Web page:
Interior of a BMI Embraer 145 on its way to Brno (2018)

Feldbahn auf Baltrum

Bis 1985 gab es auf der ostfriesischen Insel Baltrum eine kleine Inselbahn. Sie diente ausschließlich dem Gütertransport vom Anleger zum Güterschuppen etwas landeinwärts.

Der Autor in den 1980er Jahren am Güteranleger vor der Feldbahnlok
Die Feldbahnlok für den Verkehr zwischen Anleger und Güterschuppen. Laut müsste es sich um Schöma 2908, Baujahr 1965 handeln.
Der Güterschuppen. Heute ist die Einfahrt für die Feldbahnzüge zugemauert, der Zaun besteht aus alten Feldbahngleisen

Ein weiterer Zweig führte vom Anleger zum Bauhof, er diente dem Transport von Baumaterial zur Strandmauer, der Befestigung der Insel gegen die Nordsee. In den 60er Jahren führten die Feldbahngleise über den Bauhof hinaus auf die Standmauer zu den Reparaturbaustellen, die nach einer Sturmflut nötig geworden waren. Als der Autor die Inselbahn Baltrum in den 1970er Jahren kennenlernte, wurde der Bauhof-Zweig jedoch kaum noch genutzt, die Schienen waren verrostet — im Gegensatz zu den blanken Schienen des damals noch genutzten Gleises zum Güterschuppen.

Einige wenige Reste der Strecke zum Bauhof sind heute noch zu sehen.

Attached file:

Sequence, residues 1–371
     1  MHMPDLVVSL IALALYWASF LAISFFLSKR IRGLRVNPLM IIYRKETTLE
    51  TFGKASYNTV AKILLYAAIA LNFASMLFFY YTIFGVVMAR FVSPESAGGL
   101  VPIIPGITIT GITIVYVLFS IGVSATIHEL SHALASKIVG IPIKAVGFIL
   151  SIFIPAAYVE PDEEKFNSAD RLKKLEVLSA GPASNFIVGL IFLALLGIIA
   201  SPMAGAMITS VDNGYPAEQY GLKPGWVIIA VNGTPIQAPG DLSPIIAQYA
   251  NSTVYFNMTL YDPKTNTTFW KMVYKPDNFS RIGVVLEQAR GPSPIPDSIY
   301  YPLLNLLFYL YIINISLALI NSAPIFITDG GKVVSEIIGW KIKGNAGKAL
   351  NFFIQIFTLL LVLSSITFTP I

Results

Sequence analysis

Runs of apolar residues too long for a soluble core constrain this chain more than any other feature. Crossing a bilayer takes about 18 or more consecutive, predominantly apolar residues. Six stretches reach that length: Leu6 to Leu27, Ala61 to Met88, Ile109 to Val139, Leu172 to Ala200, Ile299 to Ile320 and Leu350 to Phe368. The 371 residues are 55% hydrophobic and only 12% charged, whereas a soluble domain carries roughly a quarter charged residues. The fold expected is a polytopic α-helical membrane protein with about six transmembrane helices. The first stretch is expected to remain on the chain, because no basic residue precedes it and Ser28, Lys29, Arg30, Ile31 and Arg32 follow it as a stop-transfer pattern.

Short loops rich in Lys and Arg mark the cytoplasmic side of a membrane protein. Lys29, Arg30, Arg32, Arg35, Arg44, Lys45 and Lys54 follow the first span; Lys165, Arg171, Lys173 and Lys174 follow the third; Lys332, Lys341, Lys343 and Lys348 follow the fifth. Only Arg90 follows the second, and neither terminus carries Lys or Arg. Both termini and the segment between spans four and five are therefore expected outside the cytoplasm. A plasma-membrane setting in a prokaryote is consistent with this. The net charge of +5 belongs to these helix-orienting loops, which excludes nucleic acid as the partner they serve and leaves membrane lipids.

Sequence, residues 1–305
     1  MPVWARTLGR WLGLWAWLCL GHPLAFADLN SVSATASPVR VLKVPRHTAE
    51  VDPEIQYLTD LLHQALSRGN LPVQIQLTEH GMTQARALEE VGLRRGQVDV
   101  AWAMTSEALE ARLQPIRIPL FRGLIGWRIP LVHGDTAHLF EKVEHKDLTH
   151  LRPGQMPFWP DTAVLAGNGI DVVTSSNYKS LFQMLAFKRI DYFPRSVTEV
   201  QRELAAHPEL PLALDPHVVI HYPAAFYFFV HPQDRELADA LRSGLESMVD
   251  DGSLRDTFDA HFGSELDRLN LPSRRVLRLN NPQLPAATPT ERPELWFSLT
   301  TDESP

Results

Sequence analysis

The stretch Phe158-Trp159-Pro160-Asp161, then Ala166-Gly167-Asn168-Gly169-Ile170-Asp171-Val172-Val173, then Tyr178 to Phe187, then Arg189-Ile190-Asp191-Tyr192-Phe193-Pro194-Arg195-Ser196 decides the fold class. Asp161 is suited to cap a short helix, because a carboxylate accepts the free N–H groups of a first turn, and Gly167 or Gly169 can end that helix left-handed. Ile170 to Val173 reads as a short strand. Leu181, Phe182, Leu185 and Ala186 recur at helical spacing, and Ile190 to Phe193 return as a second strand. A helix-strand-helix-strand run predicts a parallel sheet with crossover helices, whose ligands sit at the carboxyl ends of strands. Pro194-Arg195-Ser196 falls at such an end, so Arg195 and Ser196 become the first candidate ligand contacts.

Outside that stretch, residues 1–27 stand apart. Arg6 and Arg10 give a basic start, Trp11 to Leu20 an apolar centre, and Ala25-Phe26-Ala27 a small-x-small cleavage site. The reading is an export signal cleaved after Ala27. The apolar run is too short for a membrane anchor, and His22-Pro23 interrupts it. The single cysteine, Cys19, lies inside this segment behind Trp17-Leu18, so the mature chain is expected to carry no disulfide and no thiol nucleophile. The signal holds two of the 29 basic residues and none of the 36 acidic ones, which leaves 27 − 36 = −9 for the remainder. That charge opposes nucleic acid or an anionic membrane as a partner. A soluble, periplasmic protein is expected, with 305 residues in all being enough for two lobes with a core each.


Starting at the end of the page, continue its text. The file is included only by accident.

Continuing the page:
Der Bauhof für den Küstenschutz. Früher gab es hier mehrere Weichen, die Gleise führten in die Gebäude und daran vorbei in Richtung der hinter dem Seezeichen gelegenen Strandmauer.

Die Feldbahn gab es schon, als der Großvater des Autors Baltrum in den 1950er Jahren besuchte. Der Anleger bestand damals noch aus Holz. Das Gleis für den Personenanleger diente dem Transport von aufgegebenem Gepäck und als Ausziehgleis für die  Strecke zum Bauhof. In den 1980er Jahren wurde es kaum noch benutzt, weil Gepäck bei Bahnreisen aufzugeben aus der Mode kam.

1985 wurde die Inselbahn auf Baltrum stillgelegt und fast restlos abgebaut. Wenn man einen Blick für Eisenbahnarchäologie hat, kann man aber noch heute (2018) an einigen Stellen erkennen, dass  da mal was war.

Eine zeitlang dienten die Räder der Feldbahnwagen als Schilder am Anleger. 2018 sind diese jedoch nicht mehr vorhanden.

List of the aircraft types I had the pleasure to travel with